Painting and Related News

Lead Paint: Regulations and Solutions

Lead CheckMagic Brush signStripping with Heat Gun 
Vol. 1A   November, 2010

Are you familiar with the latest Lead Paint Regulations? Do you know that they effect the activities of each and every homeowner and their contractors, architects, and designers? Perhaps it is time to find out what you can do about it, too ...
In This Issue
A Lead "Primer"
EPA-RRP Certifications, Regulations, and More...
Quick Links

View my profile on LinkedIn

You know me as the contractor/owner of Magic Brush, Inc., the painting company I founded back in 1976.

One of our specialties then (as now) was the "Painting Restoration" of older facades, which often included stripping old lead paint.
  In the "good ole days" this meant using propane torches to "burn" the paint off the building (without burning down the building, of course.) 

Back then, we had no real knowledge of the hazards of disturbing lead paint.  Gradually, our growing awareness of the issues demanded we take action.

In 1998, as part of my responsibility as a professional painting contractor, I completed the requirements for California Department of Public Health Certification to become a Lead Paint Supervisor, and in 2010 I passed the state Lead Risk Assessor exam.  (I am now known as "Inspector #3894".)

In this premier volume of our newsletter I will try to shed some light on the recent lead rules and offer some solutions to them. You may be surprised to learn that YOU have an important role to play.

Robert Dufort

A Lead "Primer"
Lead Paint, Our Bodies, Our Homes

The presence of lead paint in older homes is a common problem. In fact, according to EPA studies, 69% of homes built before 1960 contain lead. Among homes built before 1940 that figure jumps to a whopping 87%!

Lead is a serious health and safety issue. Our bodies have zero use for lead, and we can only tolerate it in minimal amounts without negative health effects. 

In children the consequences of lead exposure are more severe and more likely to be permanent.

Many older homes already contain some level of lead contamination created by friction points (e.g. the movement of doors and windows) and deteriorated paint. Furthermore, virtually ALL construction activities have the potential to create lead paint dust - it is not just paint prep that disturbs lead!

To read Robert's "Lead Essay", please visit:

Stripping Plaster Ornament
EPA-RRP Certifications, Regulations, and More...

There are numerous regulatory agencies with jurisdiction over lead paint contamination, including the EPA, OSHA, and the California Department of Public Health (CDPH).  San Francisco even has its own local ordinances, as do other municipalities.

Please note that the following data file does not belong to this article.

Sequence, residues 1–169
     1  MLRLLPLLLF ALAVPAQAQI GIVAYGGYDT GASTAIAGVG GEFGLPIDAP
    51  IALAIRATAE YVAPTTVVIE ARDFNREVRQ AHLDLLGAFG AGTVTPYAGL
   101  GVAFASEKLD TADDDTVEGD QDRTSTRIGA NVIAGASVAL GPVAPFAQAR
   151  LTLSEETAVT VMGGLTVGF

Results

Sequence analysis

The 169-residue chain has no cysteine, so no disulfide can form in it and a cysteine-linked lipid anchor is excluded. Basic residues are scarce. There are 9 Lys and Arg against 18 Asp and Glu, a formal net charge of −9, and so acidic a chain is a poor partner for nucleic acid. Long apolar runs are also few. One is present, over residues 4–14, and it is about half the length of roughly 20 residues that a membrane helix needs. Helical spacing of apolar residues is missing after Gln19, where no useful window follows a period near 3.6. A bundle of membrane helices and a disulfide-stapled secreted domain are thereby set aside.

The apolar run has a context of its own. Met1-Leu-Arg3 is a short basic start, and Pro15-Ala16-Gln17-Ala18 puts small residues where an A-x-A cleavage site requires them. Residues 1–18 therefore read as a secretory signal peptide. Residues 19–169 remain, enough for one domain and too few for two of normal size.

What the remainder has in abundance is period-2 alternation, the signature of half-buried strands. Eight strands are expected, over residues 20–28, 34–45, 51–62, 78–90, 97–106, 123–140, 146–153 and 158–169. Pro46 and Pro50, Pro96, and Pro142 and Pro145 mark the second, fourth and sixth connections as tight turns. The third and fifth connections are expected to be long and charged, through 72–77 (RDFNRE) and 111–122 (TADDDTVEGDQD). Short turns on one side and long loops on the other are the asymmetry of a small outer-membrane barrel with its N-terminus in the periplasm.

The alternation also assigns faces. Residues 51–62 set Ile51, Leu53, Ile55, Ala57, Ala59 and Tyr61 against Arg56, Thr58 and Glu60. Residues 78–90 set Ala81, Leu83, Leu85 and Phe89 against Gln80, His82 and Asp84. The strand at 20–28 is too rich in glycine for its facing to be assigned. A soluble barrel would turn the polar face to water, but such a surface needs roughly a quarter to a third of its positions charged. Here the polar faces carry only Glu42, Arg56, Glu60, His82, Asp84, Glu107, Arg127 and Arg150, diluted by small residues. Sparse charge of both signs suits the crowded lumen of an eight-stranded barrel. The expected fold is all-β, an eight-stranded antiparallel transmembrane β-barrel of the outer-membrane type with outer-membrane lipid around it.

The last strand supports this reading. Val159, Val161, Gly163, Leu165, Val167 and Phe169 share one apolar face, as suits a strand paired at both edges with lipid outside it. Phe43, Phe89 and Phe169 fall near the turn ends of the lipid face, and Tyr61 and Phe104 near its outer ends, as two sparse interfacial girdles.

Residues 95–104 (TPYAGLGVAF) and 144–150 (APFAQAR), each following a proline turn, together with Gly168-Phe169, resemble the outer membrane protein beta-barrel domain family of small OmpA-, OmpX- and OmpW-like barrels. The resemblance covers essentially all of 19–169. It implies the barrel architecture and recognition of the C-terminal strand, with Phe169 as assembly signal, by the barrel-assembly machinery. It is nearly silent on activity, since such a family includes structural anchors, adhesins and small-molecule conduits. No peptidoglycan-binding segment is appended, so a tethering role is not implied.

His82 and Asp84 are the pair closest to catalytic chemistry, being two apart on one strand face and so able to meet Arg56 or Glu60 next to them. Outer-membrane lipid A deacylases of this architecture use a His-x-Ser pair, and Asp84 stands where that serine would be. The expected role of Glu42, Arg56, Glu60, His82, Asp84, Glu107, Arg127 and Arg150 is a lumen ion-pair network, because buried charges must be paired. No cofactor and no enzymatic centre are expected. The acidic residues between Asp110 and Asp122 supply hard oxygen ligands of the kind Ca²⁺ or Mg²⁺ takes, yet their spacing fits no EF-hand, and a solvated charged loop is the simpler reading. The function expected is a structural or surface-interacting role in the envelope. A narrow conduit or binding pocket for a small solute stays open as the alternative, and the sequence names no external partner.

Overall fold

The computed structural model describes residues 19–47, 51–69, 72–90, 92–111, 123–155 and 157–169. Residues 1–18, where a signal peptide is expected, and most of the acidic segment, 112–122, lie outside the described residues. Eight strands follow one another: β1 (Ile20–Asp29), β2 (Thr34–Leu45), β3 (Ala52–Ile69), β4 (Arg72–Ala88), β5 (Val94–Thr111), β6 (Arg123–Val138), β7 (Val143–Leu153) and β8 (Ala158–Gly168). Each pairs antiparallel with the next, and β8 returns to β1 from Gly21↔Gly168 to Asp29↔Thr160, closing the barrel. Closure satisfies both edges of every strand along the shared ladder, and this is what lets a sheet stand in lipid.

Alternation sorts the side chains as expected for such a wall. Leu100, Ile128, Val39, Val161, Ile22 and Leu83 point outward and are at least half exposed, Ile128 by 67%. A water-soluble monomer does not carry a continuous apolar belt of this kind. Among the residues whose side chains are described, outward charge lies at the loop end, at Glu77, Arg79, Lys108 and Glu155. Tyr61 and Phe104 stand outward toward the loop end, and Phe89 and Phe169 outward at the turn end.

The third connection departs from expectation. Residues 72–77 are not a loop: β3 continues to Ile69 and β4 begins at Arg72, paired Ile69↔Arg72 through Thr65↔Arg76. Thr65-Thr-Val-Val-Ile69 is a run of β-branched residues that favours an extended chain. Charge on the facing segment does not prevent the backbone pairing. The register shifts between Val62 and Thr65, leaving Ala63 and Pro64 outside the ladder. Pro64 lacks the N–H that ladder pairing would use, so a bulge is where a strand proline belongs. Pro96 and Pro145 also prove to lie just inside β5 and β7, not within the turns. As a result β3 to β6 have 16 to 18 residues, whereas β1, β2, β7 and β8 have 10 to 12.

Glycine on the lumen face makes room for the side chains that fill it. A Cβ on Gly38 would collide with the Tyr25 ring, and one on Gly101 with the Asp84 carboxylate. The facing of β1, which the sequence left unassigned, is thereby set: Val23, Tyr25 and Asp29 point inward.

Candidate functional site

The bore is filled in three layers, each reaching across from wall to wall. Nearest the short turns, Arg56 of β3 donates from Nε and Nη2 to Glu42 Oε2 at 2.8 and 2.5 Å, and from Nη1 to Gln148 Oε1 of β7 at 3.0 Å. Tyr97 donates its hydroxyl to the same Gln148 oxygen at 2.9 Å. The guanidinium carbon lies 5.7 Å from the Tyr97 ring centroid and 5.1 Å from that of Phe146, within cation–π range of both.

The EPA, in yet another attempt to inform contractors and homeowners of lead hazards and safe methods of mitigating "lead pollution", recently created the Renovation, Repair, and Painting Rule (RRP).  Effective April, 2010, it mandated the certification of all contractors who work in pre-1978 housing and childcare facilities.  Thus, it applies to almost all San Francisco housing.

Any contractor who disturbs old lead paint must be EPA-RRP certified and must only hire RRP certified subs.  Additionally, painting contractors who work on older residences should also be certified by the CDPH Childhood Lead Division.
What You Can Do

Obviously, certification is only half the battle, if that.  Implementation of the regulations is certainly the more important aspect. 

However, the regulations themselves are still largely ignored, even in Pacific Heights.  What is really needed are informed owners who insist that their painters, general contractors, architects, and designers perform and oversee all construction activities in a "lead safe" manner.

If you are considering having any construction and/or painting work performed, I highly recommend that "lead issues" - and how they will be addressed - be one of the subjects discussed.  Specifically.  It is not safe to assume that even the "big name" contractors take this seriously enough (unless you make it an issue).

If one of your neighbors or friends is contemplating similar work, encourage them to consider the issue likewise. Their actions (or the lack thereof) can have a profound effect not only upon their property and family, but yours as well.

Please feel free to
forward this email (button below) to any potentially interested party - whether they be family, friend, contractor, architect, designer.....

I am happy to try to answer any questions that may arise out of this issue.

Thank you kindly,

Robert Dufort
                        415 641-8622

View our profile on LinkedIn